Saturday, March 05, 2005

The Da Vinci Rant

OK, so I recently finished listening to The Da Vinci Code on CD. I put in a hold request at my local library over a year ago, but I was something like 49th in line, so I didn't get it until last week.

I'm not really sure on what basis to evaluate it. I don't often read mystery novels, so I'm not sure what people expect. If you're looking for a book where it is possible to solve the puzzles before the answers are revealed in the book, then I guess it's probably OK, although I was occaisionally appalled at how utterly oblivious the "experts" in the book were to some things that I thought were obvious. I was pretty sure I knew the "main" secret of the book by disc 5 of 13 and wasn't shaken when Langdon explicitly ruled it out as a possibility. Still, the story did suck me in.

The history is, of course, awful. I feel like I'm going to get branded as a fundamentalist for saying that, but I think it's an objective fact. Most appalling, of course, is the scene in Teabing's library where Teabing "unmasks" Christian orthodoxy while Langdon stands by and nods like an Ed McMahon bobblehead doll, both treating Sophie with unmasked condescension. The dynamics of the scene are quite realistic, as anyone who has been in the company of two or more academicians will know, but what they actually say borders on ridiculous.

I know this book is meant as fiction, and as such I am prepared to give it a lot of leeway, but even in a book of fiction when an Oxford-affiliated British Royal Historian speaks and a Harvard professor stands by nodding, the reader ought to be able to expect something that is at least reasonable.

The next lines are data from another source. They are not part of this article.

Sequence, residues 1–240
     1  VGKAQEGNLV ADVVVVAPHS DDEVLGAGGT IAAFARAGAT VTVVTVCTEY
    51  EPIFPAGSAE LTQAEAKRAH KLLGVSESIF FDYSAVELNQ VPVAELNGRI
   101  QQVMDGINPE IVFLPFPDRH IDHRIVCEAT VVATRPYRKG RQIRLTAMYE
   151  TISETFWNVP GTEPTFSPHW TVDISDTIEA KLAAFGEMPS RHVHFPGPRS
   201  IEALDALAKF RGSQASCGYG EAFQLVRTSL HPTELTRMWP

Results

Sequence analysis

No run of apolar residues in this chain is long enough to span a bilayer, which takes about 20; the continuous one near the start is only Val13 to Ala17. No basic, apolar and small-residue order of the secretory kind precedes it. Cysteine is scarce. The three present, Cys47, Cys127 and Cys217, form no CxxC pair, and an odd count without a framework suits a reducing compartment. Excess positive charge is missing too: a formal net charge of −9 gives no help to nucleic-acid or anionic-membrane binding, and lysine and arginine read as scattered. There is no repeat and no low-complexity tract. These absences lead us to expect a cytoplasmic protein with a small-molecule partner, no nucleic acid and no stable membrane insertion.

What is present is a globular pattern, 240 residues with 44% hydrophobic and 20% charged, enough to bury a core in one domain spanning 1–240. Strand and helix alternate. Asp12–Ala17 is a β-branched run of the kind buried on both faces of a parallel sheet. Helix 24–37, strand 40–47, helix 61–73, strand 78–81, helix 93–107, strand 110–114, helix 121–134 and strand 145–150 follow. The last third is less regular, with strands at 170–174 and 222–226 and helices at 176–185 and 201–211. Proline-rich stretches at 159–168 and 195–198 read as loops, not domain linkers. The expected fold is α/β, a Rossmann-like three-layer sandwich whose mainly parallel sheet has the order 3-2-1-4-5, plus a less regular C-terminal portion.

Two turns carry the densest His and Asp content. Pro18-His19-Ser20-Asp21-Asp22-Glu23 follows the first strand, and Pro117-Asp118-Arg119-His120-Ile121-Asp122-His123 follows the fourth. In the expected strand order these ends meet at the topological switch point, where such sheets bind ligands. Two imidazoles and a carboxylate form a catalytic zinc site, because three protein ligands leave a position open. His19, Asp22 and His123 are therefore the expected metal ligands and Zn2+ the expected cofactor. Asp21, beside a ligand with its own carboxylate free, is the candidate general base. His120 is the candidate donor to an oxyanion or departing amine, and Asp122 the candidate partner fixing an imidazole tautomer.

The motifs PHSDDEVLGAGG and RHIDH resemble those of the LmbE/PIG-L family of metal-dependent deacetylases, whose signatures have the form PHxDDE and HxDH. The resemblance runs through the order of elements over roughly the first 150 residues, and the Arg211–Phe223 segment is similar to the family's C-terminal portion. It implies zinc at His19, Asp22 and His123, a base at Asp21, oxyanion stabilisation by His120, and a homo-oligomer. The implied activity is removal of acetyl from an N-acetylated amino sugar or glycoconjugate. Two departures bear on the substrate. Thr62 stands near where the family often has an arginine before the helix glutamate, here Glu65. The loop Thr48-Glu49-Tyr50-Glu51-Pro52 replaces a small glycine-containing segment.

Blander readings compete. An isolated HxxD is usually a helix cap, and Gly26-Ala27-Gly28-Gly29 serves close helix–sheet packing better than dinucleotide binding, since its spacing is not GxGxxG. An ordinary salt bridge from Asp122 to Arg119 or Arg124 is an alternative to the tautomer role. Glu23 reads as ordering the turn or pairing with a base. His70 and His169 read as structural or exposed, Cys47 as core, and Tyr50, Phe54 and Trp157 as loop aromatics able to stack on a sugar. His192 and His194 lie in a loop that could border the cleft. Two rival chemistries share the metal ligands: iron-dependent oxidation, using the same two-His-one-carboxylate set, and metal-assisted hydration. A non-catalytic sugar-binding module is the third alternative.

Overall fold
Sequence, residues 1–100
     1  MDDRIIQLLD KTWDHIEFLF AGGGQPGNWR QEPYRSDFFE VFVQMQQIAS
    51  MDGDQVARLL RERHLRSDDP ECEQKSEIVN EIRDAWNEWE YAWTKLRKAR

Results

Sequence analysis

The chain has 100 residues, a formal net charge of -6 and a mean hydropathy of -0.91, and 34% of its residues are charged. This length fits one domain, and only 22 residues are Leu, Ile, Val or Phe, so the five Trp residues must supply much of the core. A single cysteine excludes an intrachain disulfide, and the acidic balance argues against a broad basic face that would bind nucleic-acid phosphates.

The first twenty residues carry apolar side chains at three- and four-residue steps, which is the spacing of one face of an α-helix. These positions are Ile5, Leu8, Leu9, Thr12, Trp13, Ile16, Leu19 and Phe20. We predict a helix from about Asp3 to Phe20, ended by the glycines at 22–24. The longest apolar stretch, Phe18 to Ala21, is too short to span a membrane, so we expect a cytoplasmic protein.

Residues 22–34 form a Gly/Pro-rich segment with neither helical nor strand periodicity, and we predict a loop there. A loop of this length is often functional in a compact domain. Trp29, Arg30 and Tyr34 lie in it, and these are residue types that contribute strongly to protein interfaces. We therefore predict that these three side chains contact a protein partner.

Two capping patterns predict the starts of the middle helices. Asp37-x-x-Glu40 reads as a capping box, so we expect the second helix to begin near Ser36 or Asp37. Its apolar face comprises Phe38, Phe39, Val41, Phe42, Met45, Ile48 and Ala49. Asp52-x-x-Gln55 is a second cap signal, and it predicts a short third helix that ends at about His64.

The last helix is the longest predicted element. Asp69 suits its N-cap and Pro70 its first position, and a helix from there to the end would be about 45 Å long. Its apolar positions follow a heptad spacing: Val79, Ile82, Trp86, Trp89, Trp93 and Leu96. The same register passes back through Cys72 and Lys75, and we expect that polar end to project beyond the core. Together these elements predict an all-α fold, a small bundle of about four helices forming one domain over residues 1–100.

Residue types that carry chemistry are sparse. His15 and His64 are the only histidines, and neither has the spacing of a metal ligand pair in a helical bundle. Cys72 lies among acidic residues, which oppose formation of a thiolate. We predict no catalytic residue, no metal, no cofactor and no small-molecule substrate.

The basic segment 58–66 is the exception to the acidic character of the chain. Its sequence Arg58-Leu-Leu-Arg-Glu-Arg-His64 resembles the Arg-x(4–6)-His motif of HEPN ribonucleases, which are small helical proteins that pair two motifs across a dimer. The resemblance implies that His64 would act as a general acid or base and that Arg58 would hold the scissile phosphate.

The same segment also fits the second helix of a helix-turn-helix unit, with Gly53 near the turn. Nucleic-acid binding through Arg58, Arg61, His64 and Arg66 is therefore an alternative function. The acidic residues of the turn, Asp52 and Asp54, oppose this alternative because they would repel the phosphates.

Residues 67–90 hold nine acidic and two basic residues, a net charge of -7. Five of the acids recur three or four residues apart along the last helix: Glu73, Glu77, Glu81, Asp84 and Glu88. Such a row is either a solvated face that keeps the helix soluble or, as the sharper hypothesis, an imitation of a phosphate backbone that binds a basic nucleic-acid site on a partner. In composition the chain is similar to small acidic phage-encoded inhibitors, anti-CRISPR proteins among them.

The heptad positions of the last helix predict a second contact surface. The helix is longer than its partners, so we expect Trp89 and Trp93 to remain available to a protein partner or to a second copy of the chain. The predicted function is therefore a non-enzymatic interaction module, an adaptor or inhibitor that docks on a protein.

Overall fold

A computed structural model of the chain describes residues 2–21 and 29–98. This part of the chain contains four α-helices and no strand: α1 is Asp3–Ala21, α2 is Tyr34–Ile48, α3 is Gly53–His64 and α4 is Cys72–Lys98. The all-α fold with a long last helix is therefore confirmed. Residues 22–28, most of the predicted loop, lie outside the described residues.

About a year ago, I was on an airplane and I overheard two women in the seats next to me talking. One was reading The Da Vinci Code. The other said, "It's just fiction right." The first woman replied, "Yes, but it's very well researched." I think that about sums up the popular consensus. It doesn't matter that it's just fiction, Americans don't understand realistic fiction that way. I've actually heard someone talking about the "close vote" by which the Council of Nicea "approved Jesus' divinity" as if it were a fact, without making any reference to where they picked up this "fact."

Between listenings, I visited Dan Brown's web site, which has some pretty interesting stuff, by the way. One of the things I was most surprised to discover is that Brown considers himself a Christian. He says that the novel isn't anti-Christian in any way (which is basically true), and that he is very excited about the way it is stimulating people to examine the basis of their faith (which is a very good thing).

The thing is, if people "examine the basis of their faith" without any reliable guidance (and this book most certainly does not provide reliable guidance) then there is a very real danger that they'll end up in a worse state than they started out in. If the blind lead the blind, both fall into a pit.